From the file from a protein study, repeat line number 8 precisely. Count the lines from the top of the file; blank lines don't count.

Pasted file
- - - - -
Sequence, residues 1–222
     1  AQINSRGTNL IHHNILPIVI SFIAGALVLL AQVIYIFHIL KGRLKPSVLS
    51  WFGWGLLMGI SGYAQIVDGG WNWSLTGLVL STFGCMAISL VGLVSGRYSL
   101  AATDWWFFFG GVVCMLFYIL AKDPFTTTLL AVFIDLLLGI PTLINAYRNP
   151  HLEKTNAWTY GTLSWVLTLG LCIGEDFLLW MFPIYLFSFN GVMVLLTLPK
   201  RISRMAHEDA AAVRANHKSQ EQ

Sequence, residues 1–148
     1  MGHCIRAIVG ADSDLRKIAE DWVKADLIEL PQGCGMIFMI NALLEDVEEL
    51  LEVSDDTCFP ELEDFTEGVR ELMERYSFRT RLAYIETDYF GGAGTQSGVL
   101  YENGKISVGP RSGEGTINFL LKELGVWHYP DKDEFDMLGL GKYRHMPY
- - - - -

     1  MGHCIRAIVG ADSDLRKIAE DWVKADLIEL PQGCGMIFMI NALLEDVEEL